There are cases when unittest-style testing isn’t the best choice. Text-based testing is a good alternative and he presents TextTest as a possible replacement, especially for acceptance testing. Fit tests are often used, but that’s, according to Geoffrey, basically a nicer interface around regular unit tests.
Unittests also means you need a unittest framework for your language. Most common languages have them, but not all. Also, unix-style command line scripts are hard to test. And legacy systems: retrofitting an API for testing internals later on is hazardous. And Geoffrey works for Jeppesen that makes airline planning systems. By nature, the correct output wasn’t determinable beforehand (that was the whole point about the planning system), so that doesn’t play well with your common test setup where you need to know the answer beforehand to test it...
Text testing: use the textual information that is produced by your system anyway. So log files or command line output. It means you have to invest in your output like making your log files easy to read and rich in content.
Text testing also means you can compare output of various versions of your software as you compare the output. You also need some change management as obviously your software changes.
TextTest is open source and he’s being paid by his company to maintain the tool as so many internal projects use it. It starts everything under test via the command line. TextTest has a GUI to help you get started with test definitions. One of the features is the ability to filter out runtime-dependent words like timestamps, temporary file names and process IDs. And you can provide input for scripts (like pressing “y”).
If you have several tests that fail in exactly the same way, TextTest groups them in the report. Handy for the kind of tests that TextTest runs as you often have external factors that influence a lot of tests in the same way.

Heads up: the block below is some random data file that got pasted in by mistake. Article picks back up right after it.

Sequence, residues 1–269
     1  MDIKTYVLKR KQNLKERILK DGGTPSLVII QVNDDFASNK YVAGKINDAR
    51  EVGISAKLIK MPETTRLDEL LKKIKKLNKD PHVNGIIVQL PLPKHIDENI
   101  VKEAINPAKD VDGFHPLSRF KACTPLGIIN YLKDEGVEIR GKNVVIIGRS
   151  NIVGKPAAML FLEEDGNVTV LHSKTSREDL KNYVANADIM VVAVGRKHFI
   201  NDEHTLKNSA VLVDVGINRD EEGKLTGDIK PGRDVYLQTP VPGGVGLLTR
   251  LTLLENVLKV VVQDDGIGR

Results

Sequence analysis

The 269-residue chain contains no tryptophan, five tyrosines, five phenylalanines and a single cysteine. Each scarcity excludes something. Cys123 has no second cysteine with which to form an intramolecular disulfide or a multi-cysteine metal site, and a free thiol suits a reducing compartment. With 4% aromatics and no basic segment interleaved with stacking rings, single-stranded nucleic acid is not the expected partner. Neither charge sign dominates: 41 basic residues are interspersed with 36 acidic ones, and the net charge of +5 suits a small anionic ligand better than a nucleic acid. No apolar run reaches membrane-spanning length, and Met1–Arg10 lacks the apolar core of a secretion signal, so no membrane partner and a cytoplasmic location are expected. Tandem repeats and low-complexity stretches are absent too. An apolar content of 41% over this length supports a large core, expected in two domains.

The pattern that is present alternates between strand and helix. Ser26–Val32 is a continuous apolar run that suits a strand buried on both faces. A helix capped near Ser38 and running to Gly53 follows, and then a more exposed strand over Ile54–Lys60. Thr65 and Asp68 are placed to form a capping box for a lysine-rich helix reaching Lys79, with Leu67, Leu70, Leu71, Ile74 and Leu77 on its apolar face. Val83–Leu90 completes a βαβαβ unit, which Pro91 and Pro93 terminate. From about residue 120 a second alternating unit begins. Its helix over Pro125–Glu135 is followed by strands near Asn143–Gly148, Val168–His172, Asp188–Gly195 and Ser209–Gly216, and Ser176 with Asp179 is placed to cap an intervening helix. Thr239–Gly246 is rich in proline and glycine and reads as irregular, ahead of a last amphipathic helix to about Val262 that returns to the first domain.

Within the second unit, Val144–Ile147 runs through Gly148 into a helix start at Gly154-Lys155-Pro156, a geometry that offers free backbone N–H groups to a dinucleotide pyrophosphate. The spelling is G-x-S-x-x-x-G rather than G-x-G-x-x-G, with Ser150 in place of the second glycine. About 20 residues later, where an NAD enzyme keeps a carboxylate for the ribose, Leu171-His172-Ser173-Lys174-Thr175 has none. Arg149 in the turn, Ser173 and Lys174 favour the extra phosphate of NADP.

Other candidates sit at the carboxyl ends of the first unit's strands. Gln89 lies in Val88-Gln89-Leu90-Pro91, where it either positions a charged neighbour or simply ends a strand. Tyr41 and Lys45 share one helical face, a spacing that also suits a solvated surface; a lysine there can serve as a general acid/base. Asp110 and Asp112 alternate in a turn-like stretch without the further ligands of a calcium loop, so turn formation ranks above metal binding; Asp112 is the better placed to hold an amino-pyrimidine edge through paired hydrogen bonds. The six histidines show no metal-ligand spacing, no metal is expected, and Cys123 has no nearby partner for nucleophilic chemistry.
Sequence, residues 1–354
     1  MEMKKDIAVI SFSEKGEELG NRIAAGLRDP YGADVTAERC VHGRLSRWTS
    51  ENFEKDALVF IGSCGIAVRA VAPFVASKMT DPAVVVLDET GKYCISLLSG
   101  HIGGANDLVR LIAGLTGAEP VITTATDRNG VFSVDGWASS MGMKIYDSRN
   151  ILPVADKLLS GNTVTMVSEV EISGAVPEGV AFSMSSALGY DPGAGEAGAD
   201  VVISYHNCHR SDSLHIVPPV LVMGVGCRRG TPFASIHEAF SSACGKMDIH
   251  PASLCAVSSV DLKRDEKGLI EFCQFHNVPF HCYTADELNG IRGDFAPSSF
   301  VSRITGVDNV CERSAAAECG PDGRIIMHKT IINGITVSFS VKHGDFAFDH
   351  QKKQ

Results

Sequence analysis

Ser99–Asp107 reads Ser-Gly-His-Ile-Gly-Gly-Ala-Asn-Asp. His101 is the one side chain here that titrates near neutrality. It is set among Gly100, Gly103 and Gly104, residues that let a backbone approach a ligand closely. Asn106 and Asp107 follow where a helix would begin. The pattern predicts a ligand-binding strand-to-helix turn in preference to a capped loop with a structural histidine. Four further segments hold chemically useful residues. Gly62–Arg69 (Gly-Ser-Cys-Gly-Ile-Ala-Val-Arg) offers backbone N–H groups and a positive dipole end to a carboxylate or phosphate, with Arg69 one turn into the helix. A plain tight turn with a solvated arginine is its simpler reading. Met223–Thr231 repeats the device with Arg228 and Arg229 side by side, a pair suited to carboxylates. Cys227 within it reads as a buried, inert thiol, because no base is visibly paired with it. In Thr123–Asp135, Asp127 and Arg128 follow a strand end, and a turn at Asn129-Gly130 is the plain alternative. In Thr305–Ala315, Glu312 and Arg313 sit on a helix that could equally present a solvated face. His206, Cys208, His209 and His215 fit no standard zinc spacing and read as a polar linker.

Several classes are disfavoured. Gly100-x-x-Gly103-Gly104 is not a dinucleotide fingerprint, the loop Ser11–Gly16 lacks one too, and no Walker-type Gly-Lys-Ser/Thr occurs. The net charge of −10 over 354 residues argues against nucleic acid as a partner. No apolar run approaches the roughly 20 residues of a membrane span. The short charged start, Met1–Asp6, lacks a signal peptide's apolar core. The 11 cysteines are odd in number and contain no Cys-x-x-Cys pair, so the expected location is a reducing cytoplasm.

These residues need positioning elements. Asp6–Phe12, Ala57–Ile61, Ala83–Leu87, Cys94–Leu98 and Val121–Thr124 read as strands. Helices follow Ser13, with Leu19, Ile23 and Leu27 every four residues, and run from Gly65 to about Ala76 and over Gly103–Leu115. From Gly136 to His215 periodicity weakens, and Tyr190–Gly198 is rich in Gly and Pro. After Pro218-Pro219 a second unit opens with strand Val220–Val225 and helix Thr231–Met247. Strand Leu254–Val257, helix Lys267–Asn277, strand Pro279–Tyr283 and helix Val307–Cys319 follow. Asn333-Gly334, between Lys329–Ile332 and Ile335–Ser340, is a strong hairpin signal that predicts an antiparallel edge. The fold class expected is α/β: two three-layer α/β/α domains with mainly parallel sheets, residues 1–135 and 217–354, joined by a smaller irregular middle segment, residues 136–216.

Some other features: there are various “data mining” tools for automatic log file interpretation. Performance testing is build-in. You can extend it with python. And you can automatically store the reports per date in order to compare the output over time.
A common comment on text testing: there’s a risk of subject experts getting bored and accidentally accepting output recognized as wrong by TextTest so that a wrong situation gets accepted the next time. a) yes, you need discipline. b) the actual content that is tested isn’t supremely important, the changes in the content are what is interesting. You really record the change and thereby document you’re OK that something changed. That’s the real information that you want to have. View acceptance testing as “behaviour change management”, not “correctness assertion”.
Logging: do also debug level logging. Developers often add temporary log or
System testing is slow. Well, if it is important for you: throw more hardware at it. Parallelize. He runs a huge amount of tests in just a minute.
You’ll still need unittests (and/or doctests), but probably you need less of them.
My name is Reinout van Rees and I work a lot with Python (programming language) and Django (website framework). I live in The Netherlands and I'm happily married to Annie van Rees-Kooiman.
Most of my website content is in my weblog. You can keep up to date by subscribing to the automatic feeds (for instance with Google reader):